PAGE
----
Marion von Osten is an artist, author and exhibition organiser. From — professor at the Academy of Fine Arts Vienna. Kunze, Max: Der Pergamonaltar. Seine Geschichte, Entdeckung und Rekonstruktion. Mainz, Mainz,  Bredekamp, Horst: Antikensehnsucht und Maschinenglaube. Die Geschichte der Kunstkammer und die Zukunft der Kunstgeschichte. Berlin, Bochum, Corrigan, H.
Van Laak, Dirk: Imperiale Infrastruktur. Paderborn, Beirut, Deutsche Eisenbahngeschichte im Vorderen Orient. Nuremberg, , p. These travel activities mainly consisted in educational and research trips. The orientalistic fixation on Mediterranean, Arabian and Asian building cultures included not only the architecture of the rulers but also profane building ensembles and vernacular structures that went on to have a decisive influence on modernism.
In young Le Corbusier, as many before him, had gone on a Grand Tour of Italy, Greece and Asia Minor marking the start of his travel activities and vernacular urban research. Aesthetics of the Past. Rebellions for the Future. London, Reconsidering non western references for modern architecture in a cross-cultural perspective Neue Berner Schriften zur Kunst, Vol. Bern, Leipzig , p. The reconstruction became a transnational endeavour of high political status in which the United Nations were involved. Koldewey counts not only as the decisive archaeologist for the excavations of the brick fragments of the walls of the Ishtar Gate and the Procession Way in front of it — today still standing at the Kupfergraben in Berlin — but also as the founder of modern historical construction research.
He was in close exchange with the director of the Hamburger Kunsthalle, Alfred Lichtwark, who was instrumental in asserting modern art in Germany. Berlin, , p. Die brandenburgisch-preussische Kolonie Grossfriedrichsburg in Westafrika . Studien zu Rassismus in Deutschland. This is how Heinrich von Kleist, who in shot himself on the shore of the Wannsee because of lovesickness, describes the desert surrounding the big city. Sandy ground, grit box, no-go area for foreigners, 1 it is said in the metropolis, that it is as if the Brandenburg variant of a spaghetti western were on display there.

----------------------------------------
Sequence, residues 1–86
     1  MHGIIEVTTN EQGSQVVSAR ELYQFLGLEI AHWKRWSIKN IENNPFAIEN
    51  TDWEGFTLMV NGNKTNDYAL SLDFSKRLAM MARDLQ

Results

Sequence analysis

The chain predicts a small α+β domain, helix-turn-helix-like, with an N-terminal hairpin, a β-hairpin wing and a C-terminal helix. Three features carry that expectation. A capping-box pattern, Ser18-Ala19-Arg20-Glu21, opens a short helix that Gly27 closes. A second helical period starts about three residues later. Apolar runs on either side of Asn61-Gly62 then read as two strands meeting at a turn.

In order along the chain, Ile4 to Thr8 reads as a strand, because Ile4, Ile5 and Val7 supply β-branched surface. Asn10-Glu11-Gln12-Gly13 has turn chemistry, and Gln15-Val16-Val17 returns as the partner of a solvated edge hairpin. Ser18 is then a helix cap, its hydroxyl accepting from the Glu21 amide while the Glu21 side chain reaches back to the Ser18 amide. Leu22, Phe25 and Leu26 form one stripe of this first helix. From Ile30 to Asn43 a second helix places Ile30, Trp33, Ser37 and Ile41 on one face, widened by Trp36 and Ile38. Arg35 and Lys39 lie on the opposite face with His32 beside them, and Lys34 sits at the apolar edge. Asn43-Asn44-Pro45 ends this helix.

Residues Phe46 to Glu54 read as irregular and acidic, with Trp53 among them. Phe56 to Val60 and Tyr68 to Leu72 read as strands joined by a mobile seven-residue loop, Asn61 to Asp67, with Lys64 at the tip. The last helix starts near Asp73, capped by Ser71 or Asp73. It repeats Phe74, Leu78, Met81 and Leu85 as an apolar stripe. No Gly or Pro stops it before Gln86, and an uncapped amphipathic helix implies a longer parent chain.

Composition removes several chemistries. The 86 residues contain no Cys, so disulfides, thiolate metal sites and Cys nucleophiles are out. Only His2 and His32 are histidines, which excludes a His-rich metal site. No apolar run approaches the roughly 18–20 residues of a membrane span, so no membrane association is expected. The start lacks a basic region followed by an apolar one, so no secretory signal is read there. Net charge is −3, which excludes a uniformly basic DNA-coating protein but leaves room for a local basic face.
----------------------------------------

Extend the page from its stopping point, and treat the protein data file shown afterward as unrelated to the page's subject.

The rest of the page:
Even Tropical Islands: forward looking and equipped with a pluralistic calling for new offshoots, is by no means secure. Prince Frederick Arthur von Homburg passes out. Brand in Brandenburg. Minutes before arriving one can already see the hangar. The platforms of the stop in Brand — I was there for the first time during the Football World Cup — were currently being renovated, but the station always appears as if it were permanently closed. The stop was once built in the middle of the forest and was used to transport wood. Every half hour a bus waits to transfer guests free of charge.
Across the new bridge, which connects Tropical Islands with the nearby motorway to Berlin, Dresden and Cottbus, a straight track leads to the turn-off. In its last phase, this used to be a prohibited military zone, a no-go area governed by the Soviets. The former CargoLifter assembly hall for the gigantic airship is situated in the middle of a huge cleared area.
A spacious access system with car parks laid out for large crowds leads to the entrance hidden behind the hall. Here, one can discern artificial hills at the edge of the forest; grass-covered bunkers for military jets. The double runways disappear behind a curvature in the landscape in the direction of the railway track. Apart from that, the former military grounds are entirely cleared of so-called hazardous waste. For this purpose the Federal State of Brandenburg performed preliminary work such as the large-scale removal of ammunition rests, scrap and kerosene tanks, after the Red Army no longer had the status of an occupying force and withdrew eastwards to the crumbling CIS.
The decontaminated area appears to lack a history, since its origin during the Cold War can hardly be detected. The entrance of Tropical Islands makes an oddly banal impression at first sight: the front hall is an empty field, then a deserted information stand on the Spreewald, the old model of the CargoLifter hall and a few seating arrangements.
While changing, I hear a family next to me speak Polish — or is it the Slavonic Sorbian that some people can still speak in the Lusatia region? How large is the area served, anyway? The border to Poland is not very far. In reality though, the visitors on weekends, extra days off between holidays and during the holiday season seem to come from Berlin and Saxony. One has to walk all the way around a hill in the centre covered with all kinds of tropical plants to finally access the changing rooms beneath it.